Boadicea: British Rebel Queen

The humiliating flogging of the Iceni Queen Boadicea was truly a defining moment in the history of corporal punishment and prompted a violent and unexpected backlash which took the occupying Roman army by surprise and forced it into a terrible and bloody conflict.
Boadicea was the wife of Prasutagus, King of the Iceni, a tribe whose lands spanned the modern counties of Norfolk, Suffolk and parts of Cambridgeshire and Huntingdonshire. Prasutagus ruled his people through a long period of Roman occupation and, politically astute, had allied himself with his Roman conquerors in order to guarantee a peaceful life for his people. The Romans were prepared to allow this arrangement, like most occupying armies, on the basis of mutual benefit. However by the year 60 AD, Roman patience with the ancient Britons was running very low and anger had replaced tolerance, particularly following an attempt to subdue the ancient Isle of Mona, long a refuge for Druids and discontented Britons who wished to escape the Roman yoke. Although the Romans eventually triumphed on Mona they had at first to suffer the humiliation of a retreat under the onslaught of more than 2000 virtually naked Druid women and priests, their hair wild, eyes wide and screaming abuse as they charged the Roman ranks armed only with fiery torches. The terrified Roman soldiers broke ranks and backed off to a safe hillside fort only to be galvanized by the anger and contempt of their officers for an army which had allowed a group of women to intimidate them. They regrouped, advanced and took a fearful bloody revenge, killing virtually every man, woman and child in the community.
The atmosphere in the rest of Britain was close to boiling point with anti Roman revolt simmering everywhere. Prasutagus, by now ailing, was aware of the danger to himself and his family of the highly volatile climate. He sought to protect his wife and daughters from harm by making a will which gave his master, the Roman Emperor Nero, a third or half share in his property and lands on his death. Duly in AD61 Prasutagus died in the misguided belief that his wisdom had ensured a safe outcome for his family.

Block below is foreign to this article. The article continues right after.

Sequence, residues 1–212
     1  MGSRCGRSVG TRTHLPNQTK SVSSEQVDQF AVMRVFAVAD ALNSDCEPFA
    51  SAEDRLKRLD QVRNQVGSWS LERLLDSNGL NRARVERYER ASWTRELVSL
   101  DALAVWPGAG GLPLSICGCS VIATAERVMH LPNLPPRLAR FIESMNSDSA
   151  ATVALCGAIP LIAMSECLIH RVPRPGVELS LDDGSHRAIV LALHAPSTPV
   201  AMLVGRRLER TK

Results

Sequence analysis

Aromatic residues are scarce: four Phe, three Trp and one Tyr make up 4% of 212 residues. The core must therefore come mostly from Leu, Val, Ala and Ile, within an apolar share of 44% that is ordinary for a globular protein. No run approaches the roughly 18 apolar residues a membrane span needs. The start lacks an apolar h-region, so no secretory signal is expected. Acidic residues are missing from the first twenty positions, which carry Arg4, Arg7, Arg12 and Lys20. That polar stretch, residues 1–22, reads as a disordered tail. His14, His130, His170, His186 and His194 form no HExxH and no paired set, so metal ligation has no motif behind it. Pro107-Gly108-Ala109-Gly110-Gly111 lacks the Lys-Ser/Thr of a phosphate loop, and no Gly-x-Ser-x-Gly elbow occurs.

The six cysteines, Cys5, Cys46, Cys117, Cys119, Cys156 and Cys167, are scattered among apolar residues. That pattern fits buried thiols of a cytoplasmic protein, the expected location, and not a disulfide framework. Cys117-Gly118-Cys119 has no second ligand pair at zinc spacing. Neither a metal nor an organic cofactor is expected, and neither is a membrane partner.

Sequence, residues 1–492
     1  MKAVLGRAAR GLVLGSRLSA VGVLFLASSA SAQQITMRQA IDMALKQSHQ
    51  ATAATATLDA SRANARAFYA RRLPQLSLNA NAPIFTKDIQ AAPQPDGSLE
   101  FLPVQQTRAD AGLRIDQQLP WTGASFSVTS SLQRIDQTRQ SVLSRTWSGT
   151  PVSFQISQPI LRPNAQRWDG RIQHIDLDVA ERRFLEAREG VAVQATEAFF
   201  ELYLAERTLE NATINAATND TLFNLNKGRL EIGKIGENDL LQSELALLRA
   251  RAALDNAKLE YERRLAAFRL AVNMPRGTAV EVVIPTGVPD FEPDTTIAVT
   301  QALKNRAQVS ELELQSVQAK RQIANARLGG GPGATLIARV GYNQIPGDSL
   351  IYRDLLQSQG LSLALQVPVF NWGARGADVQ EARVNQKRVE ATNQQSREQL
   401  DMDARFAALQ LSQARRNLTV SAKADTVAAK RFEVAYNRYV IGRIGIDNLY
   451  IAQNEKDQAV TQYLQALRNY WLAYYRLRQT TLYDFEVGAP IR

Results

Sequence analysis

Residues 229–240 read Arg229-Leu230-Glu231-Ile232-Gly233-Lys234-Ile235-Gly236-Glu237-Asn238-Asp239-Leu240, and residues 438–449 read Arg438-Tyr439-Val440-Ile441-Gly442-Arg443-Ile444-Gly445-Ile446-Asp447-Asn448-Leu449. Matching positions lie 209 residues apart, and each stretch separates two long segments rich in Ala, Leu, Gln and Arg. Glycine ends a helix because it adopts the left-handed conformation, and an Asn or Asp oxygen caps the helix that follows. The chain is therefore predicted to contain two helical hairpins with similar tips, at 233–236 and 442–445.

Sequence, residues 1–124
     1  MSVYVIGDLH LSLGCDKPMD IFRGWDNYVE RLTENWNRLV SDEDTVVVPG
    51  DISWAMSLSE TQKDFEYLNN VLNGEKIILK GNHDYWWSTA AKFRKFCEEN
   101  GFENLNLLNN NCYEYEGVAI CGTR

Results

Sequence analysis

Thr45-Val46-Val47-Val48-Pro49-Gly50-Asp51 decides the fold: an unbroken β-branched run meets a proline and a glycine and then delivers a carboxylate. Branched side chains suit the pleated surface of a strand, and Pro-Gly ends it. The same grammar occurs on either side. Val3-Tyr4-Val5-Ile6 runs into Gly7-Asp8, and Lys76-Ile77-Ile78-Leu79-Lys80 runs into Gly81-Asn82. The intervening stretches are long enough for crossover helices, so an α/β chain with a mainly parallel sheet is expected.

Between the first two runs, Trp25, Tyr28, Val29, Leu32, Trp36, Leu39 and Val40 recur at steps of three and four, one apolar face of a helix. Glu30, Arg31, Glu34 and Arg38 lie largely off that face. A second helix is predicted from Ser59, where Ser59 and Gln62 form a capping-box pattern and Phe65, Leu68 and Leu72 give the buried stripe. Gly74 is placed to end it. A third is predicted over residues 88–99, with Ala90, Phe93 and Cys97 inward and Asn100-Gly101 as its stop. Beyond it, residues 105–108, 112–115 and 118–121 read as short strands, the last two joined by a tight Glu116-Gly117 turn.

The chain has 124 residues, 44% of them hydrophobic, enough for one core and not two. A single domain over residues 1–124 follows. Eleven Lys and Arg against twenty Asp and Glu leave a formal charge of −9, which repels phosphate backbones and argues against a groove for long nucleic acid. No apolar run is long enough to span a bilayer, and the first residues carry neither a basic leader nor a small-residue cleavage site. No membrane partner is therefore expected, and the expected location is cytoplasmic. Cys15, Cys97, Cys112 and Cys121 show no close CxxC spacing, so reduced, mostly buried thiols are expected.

Unfortunately, when the terms of Prasutagus' will were made known to Paulinus Suetonius, Nero's British Consul, he was roused to irrational anger that this Druid underling should have the nerve to decide exactly what the Emperor was entitled to receive. Telling his commanders that these Iceni needed a lesson in humility, he told them to take whatever steps were needed to achieve just that. The result was swift and shocking for within days of the decree a Roman force, including some slaves, was dispatched to Prasutagus' palace where they forced an entry and the slaves began to ransack the palace of all valuables.
Boadicea, then aged around 30, and her two daughters, possibly in their late teens, were then dragged out of the palace by the Roman soldiers into the grounds where the shocked Boadicea was forced to watch while the two girls were stripped and raped by the Roman soldiers who then handed them over to the slaves for further violation. Boadicea herself was taken to Winchester where she was put on a platform in front of the Roman troops and many of her Iceni subjects, tied to a whipping post then stripped naked and flogged severely with a whip until blood was drawn.